One of the topics couples most frequently ask me for infidelity advice on is sexuality. Is it right to have sex after an infidelity?
Well, my typical answer is that it depends on how you define sex. For most of us, when we think of sex we think of intercourse. Many couples, when trying to recover from an affair may find a sudden burst in their sex life. Couples who have not had sex for years or had a dull, infrequent or routine sex life prior to learning of the infidelity oftentimes find that they can’t get enough of each other. There is nothing wrong with this, in fact I would even say it’s quite normal. However, if this is the case for you, you might want to look at your motivations for the increase in intercourse that you’re having. Is it because you’re afraid that the other partner was better in bed than you and you want to prove yourself? Is it because your afraid that your partner cheated because of a lack of sex and you want to make up for it? Or is it out of a sincere, non-panicked desire to either stay connected or reconnect? In my experience, the more frantic or fear driven your motivations are the more likely it is that you will soon return to your old routine or become even more saddened and disconnected when you realize this approach isn’t working for you.
For other couples, the idea of having intercourse seems virtually impossible.
Regardless of where you are on the spectrum, my infidelity advice is that you change your definition of sex to physical intimacy and make that your goal rather than intercourse. If you are one of the couples for whom intercourse seems impossible its probably because one or the both of you feel undesirable to the other. As much as the hurt partner may want to reconnect s/he may feel too vulnerable to do so via intercourse. S/he may feel caught in the double bind of both wanting intimacy and wanting to protect him or herself from further harm. The partner who had the affair may feel similarly or may be dealing with anyone of a host of emotional issues. Even if you are a couple who are going at it like bunnies, you may have very similar feelings and are just trying to bury them. For example, you may find yourself feeling extremely exposed and vulnerable after intercourse or you may feel angry and want distance.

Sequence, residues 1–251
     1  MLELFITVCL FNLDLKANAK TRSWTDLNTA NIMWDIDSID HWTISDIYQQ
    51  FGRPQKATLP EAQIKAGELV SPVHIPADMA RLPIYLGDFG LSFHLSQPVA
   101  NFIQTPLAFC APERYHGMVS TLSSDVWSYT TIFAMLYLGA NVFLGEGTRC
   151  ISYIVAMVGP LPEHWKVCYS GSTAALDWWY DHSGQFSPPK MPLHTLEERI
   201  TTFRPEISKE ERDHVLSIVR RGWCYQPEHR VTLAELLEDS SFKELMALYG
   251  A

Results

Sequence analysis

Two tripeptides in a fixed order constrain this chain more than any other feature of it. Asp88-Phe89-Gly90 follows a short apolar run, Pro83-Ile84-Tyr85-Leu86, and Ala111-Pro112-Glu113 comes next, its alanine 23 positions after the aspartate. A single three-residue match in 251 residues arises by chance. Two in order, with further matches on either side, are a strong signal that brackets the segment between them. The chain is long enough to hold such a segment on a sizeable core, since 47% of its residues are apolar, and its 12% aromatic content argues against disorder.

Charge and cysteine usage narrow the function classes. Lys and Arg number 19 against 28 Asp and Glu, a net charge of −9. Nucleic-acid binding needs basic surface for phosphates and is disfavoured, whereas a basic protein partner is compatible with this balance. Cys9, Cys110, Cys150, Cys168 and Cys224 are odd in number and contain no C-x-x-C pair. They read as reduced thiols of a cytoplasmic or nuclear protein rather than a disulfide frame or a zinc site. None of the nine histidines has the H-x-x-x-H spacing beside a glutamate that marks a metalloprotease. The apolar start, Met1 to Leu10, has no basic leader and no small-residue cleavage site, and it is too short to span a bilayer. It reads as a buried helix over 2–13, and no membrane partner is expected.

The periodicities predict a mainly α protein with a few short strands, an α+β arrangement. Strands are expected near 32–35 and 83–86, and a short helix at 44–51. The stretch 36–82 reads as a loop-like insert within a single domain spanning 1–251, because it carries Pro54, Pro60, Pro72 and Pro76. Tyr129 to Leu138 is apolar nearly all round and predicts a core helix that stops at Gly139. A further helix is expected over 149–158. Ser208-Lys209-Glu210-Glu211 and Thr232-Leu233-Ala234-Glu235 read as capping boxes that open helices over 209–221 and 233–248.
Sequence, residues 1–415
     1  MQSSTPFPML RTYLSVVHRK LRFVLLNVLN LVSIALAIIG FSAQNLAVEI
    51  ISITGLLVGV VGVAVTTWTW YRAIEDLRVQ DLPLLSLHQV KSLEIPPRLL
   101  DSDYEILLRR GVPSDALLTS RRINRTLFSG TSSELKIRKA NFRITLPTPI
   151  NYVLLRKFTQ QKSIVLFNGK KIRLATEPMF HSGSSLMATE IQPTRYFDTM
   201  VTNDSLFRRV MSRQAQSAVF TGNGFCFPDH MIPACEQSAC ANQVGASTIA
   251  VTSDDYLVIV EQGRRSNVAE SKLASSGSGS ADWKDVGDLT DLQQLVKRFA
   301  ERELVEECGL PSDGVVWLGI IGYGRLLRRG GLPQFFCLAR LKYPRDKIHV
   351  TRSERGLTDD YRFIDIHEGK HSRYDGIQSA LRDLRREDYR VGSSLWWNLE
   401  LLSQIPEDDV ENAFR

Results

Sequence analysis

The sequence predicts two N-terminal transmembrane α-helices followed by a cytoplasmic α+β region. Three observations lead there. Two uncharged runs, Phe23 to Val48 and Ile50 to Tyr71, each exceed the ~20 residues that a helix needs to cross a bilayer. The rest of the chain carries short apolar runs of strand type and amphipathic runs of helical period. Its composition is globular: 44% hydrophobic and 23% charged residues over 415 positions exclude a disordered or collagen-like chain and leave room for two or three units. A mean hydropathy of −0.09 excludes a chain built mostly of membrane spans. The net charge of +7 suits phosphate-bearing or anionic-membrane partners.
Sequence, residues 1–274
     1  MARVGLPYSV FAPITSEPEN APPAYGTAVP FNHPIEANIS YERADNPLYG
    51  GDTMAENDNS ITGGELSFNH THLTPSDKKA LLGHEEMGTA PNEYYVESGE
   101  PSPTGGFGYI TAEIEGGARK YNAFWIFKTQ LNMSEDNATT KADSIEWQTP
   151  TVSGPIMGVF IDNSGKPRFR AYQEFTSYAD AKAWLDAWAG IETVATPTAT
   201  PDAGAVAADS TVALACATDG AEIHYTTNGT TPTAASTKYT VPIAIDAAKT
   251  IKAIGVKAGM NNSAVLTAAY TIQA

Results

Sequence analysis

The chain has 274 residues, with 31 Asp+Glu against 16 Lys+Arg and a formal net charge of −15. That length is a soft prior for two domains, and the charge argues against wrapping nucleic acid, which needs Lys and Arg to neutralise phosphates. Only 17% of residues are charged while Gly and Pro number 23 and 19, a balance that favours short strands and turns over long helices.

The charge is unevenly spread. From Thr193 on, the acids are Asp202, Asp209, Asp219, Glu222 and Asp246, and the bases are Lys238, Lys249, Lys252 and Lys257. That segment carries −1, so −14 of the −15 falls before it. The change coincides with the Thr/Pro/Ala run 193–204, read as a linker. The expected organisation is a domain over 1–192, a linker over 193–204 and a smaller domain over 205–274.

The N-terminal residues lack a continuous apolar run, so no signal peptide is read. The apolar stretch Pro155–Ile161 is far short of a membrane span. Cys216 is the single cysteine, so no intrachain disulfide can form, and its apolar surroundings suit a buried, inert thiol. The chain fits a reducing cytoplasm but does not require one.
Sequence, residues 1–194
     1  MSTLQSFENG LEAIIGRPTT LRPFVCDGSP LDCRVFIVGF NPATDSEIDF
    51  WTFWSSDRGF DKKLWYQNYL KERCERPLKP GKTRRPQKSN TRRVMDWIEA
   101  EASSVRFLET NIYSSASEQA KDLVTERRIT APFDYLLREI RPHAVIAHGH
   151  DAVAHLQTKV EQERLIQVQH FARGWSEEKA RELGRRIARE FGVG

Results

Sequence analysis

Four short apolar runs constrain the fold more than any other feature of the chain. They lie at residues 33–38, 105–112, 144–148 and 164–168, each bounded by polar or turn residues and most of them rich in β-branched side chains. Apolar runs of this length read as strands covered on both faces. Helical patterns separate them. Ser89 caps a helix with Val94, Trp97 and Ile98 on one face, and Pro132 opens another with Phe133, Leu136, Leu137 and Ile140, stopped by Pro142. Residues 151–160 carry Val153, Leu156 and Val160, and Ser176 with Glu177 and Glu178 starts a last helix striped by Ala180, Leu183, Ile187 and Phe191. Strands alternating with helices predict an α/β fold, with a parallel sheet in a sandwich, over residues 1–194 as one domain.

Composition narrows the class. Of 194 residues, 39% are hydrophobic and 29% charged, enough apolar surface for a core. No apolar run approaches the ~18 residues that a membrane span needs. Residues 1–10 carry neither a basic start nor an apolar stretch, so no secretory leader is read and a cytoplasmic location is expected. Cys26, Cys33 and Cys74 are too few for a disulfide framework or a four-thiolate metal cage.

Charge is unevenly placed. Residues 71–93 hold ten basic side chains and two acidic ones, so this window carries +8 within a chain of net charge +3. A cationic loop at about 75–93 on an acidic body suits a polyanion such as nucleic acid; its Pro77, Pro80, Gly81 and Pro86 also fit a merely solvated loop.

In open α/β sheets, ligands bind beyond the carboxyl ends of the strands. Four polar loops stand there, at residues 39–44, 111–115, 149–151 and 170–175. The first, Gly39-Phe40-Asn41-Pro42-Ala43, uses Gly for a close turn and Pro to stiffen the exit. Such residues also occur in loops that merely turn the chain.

The best piece of infidelity advice I can give you is to remain in physical contact on some level, no matter how difficult it may feel. This can range from holding hands to snuggling to giving one another massages to simply holding one another while naked. Physical touch is one of the most important bonding rituals humans can engage in. It stimulates the release of oxytocin which is the neurotransmitter that is involved in making you feel close or connected with someone. I would suggest physical contact for at least half an hour a day and the more intimate (i.e. naked and snuggling) the better.
This may be very difficult at first, but try to think of your fear/discomfort with touch as a phobia (a fear that is disproportionate to the actual act itself, like being freaked out by house spiders). The way that phobias are treated are by exposing people to what they fear over a period of time. Eventually, their bodies learn that the fear is not what they thought and they begin to relax.
Regaining physical intimacy is the same. The longer you do it, the more comfortable and the more connected you will feel. It will help you to buffer those inevitable stormy times that are going to arise.
To learn how to save your relationship click here to watch your free introductory video.